The UN humanitarian coordinator for the Palestinian territories Friday criticized Israel’s demolition of 36 homes in the Jordan Valley and urged a halt to such actions in the West Bank.

Hundreds of activists, meanwhile, staged an overnight demonstration in the Jordan Valley region.

The moves came as fresh opinion poll evidence showed that faith in the Middle East peace process has largely evaporated among both Israelis and Palestinians.

The demolitions in the Jordan Valley community of Ain el-Helwe on Thursday displaced 66 people, including 36 children, James Rawley said in a statement.

“I am deeply concerned about the ongoing displacement and dispossession of Palestinians… along the Jordan Valley where the number of structures demolished more than doubled in the last year,” he said.

“This activity not only deprives Palestinians of access to shelter and basic services, it also runs counter to international law.”

His office said more than 1,000 people had been displaced last year in the West Bank and annexed east Jerusalem by demolitions on the grounds that homes had been built without Israeli permits, “which are virtually impossible to obtain”.

On Friday, around 300 Palestinians together with Israeli and foreign activists set up camp in abandoned houses near Jericho in the West Bank to protest against Israel’s refusal to pull out of the Jordan Valley in case of a peace deal, an AFP photographer said.

The demonstrators in Ain Hijleh village were equipped with generators and said they planned to spend the night in around a dozen of the houses, as Israeli troops and police kept watch from a distance.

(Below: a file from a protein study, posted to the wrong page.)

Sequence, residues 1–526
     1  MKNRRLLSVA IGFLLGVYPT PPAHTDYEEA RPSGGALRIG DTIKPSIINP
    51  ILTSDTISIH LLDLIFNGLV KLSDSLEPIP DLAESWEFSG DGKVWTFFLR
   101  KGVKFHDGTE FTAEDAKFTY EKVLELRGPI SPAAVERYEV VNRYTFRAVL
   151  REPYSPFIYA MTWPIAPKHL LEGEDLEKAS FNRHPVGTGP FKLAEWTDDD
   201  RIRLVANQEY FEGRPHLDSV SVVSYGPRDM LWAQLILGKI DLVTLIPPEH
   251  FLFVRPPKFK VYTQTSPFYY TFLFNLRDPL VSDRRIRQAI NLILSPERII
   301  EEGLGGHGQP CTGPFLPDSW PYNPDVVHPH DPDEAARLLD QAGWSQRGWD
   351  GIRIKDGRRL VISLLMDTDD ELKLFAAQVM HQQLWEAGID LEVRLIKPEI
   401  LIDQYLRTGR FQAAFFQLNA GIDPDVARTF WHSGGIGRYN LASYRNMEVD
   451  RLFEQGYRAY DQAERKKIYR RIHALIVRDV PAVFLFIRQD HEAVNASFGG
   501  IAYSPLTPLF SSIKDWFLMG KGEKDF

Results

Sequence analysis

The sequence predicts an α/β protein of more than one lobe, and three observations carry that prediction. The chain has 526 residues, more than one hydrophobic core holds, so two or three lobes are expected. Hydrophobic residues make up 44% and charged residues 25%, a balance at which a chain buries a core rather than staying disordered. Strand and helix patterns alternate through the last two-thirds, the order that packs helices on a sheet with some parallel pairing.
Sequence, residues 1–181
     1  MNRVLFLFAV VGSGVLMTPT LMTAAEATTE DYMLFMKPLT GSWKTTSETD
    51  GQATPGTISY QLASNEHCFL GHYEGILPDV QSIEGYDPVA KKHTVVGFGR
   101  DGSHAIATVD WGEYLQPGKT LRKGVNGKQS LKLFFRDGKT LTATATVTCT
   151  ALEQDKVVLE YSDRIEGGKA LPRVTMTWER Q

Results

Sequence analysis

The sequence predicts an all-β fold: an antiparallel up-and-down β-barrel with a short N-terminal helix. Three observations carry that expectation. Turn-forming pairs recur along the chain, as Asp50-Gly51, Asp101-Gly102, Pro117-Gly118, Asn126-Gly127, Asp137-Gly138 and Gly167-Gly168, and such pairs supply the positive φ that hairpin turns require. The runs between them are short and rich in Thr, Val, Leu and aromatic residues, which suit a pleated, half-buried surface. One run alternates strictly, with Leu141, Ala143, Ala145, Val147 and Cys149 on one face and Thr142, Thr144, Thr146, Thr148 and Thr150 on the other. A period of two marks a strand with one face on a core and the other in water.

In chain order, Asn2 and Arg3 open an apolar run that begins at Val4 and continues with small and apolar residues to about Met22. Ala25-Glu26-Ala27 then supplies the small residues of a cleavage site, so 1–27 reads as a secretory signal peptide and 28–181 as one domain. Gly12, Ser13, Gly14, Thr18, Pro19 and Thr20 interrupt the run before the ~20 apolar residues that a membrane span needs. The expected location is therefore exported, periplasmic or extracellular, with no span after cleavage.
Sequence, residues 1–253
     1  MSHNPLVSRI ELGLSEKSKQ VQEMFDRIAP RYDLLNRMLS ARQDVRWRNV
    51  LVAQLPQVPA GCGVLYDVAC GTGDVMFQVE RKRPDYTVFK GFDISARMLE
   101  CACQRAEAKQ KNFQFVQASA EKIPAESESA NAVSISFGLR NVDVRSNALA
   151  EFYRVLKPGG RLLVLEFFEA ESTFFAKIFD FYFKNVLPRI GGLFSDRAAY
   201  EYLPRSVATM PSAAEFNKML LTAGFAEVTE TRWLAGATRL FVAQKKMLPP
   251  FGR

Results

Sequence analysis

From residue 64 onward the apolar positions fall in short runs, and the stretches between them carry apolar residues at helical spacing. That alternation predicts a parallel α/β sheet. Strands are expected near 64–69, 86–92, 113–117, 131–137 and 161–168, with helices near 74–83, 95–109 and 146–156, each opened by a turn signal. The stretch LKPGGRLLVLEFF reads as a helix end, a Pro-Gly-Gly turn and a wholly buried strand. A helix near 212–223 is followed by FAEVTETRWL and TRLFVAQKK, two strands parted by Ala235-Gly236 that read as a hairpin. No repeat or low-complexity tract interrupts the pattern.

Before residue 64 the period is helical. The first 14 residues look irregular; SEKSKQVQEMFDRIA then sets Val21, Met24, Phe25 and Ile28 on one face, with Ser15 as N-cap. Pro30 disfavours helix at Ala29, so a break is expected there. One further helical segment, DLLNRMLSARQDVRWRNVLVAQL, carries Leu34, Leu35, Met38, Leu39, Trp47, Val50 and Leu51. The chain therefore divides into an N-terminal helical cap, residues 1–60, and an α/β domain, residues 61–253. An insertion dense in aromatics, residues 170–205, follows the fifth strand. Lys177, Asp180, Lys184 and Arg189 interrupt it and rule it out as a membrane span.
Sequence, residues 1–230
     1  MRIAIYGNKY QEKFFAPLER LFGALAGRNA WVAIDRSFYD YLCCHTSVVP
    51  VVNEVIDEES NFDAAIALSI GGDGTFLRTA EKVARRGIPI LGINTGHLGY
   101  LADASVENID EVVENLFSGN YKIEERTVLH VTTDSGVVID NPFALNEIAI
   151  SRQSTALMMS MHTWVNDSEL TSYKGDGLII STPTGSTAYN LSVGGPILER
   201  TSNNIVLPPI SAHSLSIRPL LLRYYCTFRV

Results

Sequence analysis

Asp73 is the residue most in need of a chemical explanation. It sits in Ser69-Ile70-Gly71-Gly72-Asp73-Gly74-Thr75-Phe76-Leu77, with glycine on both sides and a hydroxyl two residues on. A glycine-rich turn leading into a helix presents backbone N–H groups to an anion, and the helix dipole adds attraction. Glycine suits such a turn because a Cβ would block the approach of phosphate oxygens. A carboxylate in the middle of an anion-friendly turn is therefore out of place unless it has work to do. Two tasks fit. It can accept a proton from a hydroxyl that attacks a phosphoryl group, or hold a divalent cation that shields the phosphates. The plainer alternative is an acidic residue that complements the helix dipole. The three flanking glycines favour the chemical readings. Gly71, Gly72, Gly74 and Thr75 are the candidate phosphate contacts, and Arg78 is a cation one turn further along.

They held a banner reading: “No peace with settlements.”

Their action — dubbed “Melh al-Ard” (salt of the earth) — aimed “to revive an old Palestinian Canaanite village in the Jordan Valley”, to counter any Israeli annexation plans, the activists said in a statement.

They condemned Jewish settlement construction in the West Bank and the Israeli-Palestinian peace process brokered by US Secretary of State John Kerry.

His efforts would “establish a disfigured Palestinian state and recognises the Israeli entity as a Jewish state”, they said.

Such a state would put Arab Israelis at risk of deportation at any time, the activists said.

Faith in the Middle East peace process has largely evaporated among Israelis and Palestinians in the two decades since the Oslo accords and a famous White House lawn handshake, a new poll found Friday.

According to the Zogby Research Services poll, neither side has much confidence in the new push for peace being led by Kerry, which the pollsters believe is proving a hard sell.

Although two decades have elapsed since then Palestinian leader Yasser Arafat and Israeli prime minister Yitzhak Rabin shook hands watched by then US leader Bill Clinton, “it is clear several deep differences exist” plaguing the atmosphere between the two sides.

“Twenty years later only 18 percent of Palestinians and 19 percent of Israelis view Oslo as a positive development in the history of their relationship,” the poll said.

Both sides believe the other is not committed to peace.

And only around a third of people in each community sees a two-state solution as feasible, even though 74 percent of Israelis and 47 percent of Palestinians agree it is the desired outcome.

“From the results of this poll, it is clear that the past 20 years have taken a toll on the confidence both Palestinians and Israelis have in the peace process that began with the 1993 signing of the Oslo accords,” the poll said.

Kerry is trying to draw up a framework agreement which would set out the end game in the resumed negotiations and guide the talks going forward over the next few months.

Twenty years ago both Palestinians, some 61 percent, and Israelis, some 54 percent, said they “were hopeful” when the Oslo accords were signed, setting out a roadmap for the peace process.

The poll was carried out in the Middle East in August 2013 among 1,000 Israelis and Palestinians, just as Kerry persuaded the two sides to resume talks after a three-year hiatus.